Living here in France it’s a joy to have so many Catholic feasts as national holidays, as a result I’m so much more aware of the liturgical year. So it’s become a desire of mine to start to note these feasts for my own soul, the souls of my family and therefore my community and wider society.
One of the ways I’ve started to do this is through little vignettes dedicated to them. They can be a reminder to those with knowledge who’ve fallen away. Or indeed a sign of hope that someone is publicly exposing them. Most importantly though you can teach your family through the symbols you use.
These images were taken when I first developed this lantern specific for the feast, and when I was starting my Catholic crafting adventure. Since then I’ve learnt new skills and if I were to do it now I’d used a waterslide decal, similar to the Saint Nicholas feast wreath. As a result I haven’t done a how to, but follow me to be notified when posts come out because there will be more in the future.
In the meantime I’m going to outline the symbolism of the vignette and how it relates to the mystery of the Immaculate Conception.
So what do we have?
A symbol of Mary is in an enclosed garden representing her perpetual virginity. Catholics believe Mary never consummated her marriage to Jospeh as she was the spouse of the Holy Spirit. Formal marriage is a reflection of natural law in that men and women come together and produce ‘fruit’ from their union, that is children. When considered like this it is evident that Mary was indeed married to the Holy Spirt in order to become the mother of Jesus. Any formal marriage to Jospeh was therefore chaste.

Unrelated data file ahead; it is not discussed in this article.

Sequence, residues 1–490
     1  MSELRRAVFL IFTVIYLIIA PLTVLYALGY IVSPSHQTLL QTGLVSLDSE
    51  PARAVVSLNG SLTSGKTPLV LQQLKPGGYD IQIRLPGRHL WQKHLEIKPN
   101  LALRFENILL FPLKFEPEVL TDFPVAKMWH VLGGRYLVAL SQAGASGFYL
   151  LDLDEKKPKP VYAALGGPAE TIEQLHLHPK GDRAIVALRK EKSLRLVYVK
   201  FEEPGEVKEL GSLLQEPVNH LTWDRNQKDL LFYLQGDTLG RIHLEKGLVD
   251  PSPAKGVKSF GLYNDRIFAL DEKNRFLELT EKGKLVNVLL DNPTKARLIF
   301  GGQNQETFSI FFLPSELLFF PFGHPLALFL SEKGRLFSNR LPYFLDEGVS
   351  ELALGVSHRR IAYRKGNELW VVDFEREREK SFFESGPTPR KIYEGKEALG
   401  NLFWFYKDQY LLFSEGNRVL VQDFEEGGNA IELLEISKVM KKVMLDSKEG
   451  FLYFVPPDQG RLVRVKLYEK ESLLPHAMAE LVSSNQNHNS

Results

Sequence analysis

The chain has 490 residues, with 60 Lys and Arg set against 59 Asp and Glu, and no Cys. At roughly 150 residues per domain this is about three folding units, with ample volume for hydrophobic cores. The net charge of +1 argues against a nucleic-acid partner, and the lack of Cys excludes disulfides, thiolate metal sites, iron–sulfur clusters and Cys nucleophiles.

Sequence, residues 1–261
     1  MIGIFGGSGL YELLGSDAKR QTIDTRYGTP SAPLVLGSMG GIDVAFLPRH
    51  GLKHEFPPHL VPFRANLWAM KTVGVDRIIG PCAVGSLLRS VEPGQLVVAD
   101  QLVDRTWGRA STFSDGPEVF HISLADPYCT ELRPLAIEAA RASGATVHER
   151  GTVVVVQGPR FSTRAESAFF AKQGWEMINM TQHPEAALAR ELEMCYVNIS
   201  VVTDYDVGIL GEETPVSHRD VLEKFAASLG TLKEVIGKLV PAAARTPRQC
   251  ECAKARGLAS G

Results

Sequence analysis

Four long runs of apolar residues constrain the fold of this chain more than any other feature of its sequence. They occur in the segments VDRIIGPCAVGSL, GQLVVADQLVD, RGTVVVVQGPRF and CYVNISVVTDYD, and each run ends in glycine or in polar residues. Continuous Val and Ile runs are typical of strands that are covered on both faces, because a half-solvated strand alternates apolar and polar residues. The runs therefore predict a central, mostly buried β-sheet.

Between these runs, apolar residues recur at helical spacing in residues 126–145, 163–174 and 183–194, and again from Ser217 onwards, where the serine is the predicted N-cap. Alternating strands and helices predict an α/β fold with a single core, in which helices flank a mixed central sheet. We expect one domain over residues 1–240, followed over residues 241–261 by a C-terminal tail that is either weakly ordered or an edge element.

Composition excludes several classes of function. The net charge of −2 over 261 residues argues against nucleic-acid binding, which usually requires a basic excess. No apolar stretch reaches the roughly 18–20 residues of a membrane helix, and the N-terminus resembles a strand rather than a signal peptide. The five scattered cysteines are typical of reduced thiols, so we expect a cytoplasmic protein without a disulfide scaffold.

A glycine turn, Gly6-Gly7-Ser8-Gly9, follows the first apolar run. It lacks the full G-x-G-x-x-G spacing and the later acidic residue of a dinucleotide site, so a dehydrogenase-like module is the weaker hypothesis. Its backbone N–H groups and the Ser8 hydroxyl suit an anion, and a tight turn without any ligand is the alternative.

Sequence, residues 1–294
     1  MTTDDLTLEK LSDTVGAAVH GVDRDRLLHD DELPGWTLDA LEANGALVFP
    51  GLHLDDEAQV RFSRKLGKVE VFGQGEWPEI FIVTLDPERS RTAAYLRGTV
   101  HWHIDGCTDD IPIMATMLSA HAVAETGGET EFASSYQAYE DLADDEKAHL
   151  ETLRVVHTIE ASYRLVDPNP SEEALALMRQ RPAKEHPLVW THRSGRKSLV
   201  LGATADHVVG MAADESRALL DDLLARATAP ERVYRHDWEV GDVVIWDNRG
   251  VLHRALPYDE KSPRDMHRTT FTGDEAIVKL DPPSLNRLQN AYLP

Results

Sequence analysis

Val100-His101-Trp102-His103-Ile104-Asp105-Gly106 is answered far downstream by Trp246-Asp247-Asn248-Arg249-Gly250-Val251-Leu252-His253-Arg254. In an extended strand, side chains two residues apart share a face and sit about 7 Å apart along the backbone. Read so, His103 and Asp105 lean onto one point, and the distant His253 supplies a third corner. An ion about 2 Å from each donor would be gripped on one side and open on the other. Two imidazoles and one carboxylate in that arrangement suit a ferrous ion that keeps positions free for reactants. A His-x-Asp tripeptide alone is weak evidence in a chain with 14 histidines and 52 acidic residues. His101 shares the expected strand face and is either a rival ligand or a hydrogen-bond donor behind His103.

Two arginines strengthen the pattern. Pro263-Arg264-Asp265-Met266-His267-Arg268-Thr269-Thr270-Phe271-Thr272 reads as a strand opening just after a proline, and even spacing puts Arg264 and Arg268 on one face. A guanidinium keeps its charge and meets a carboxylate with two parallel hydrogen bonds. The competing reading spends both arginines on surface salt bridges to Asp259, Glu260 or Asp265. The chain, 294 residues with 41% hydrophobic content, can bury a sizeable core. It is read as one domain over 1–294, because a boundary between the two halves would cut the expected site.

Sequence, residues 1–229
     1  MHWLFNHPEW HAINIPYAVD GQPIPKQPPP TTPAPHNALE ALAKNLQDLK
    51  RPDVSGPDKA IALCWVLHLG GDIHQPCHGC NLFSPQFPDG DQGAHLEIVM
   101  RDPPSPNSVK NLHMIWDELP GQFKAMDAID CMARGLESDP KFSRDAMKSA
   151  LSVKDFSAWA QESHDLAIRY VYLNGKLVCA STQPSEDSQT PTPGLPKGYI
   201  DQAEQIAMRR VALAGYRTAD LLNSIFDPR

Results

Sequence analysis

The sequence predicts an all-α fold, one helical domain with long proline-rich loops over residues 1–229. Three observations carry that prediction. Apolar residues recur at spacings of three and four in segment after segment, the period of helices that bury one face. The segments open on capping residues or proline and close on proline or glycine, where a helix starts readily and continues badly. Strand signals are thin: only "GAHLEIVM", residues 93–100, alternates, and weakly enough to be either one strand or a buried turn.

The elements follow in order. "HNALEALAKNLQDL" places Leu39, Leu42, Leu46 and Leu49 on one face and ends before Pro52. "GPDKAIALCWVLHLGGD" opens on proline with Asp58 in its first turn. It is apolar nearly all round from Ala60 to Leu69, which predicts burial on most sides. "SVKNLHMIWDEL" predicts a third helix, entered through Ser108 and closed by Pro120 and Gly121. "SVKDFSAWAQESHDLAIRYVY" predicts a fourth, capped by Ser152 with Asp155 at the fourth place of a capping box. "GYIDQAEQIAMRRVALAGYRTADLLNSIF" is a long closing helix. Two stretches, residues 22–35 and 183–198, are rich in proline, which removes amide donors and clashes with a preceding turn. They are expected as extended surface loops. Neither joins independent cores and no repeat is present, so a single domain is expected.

Funnily enough I don’t have an enclosed garden that I can put on my mantlepiece, so I used the lantern to signify the same meaning. The lantern being of glass symbolises Mary’s purity too, but we’re not considering sexual purity here but her purity from original sin.
Most of the time Mary is symbolised with Lilly’s on this feast, but I didn’t have any. However I’ve placed roses at her feet. Those at her side, alas, weren’t white. Mary is often depicted with a mystic rose which shows her mystical participation with the Holy Trinity.
I placed Jesus next to Mary to show how her immaculate formation drew on His redemptive work of the cross.
The statue of Mary I chose refers to her New Eve status, she is shown crushing the head of the serpent.
The candles and fairy lights represent the Light of the World that she gave birth to, that her body nourished and therefore the need for her purity.
If you have a small toy crown you could rest that on her head, and decorate with stars too.
I’d also like to have two images of the Immaculate Heart of Mary and the Sacred Heart of Jesus, perhaps in a beautiful frame, which I don’t have. So I put two hearts in the lantern with the roses, one of clear glass, to represent her state without sin.
You’ll notice on the glass there is beginning of the scripture passage that we partly rest this dogma on, divided like this between the four window pains;
full of Grace
is with thee”
They’re written in gold because of they’re importance.
I’m excited to get this out again during the advent season this year!
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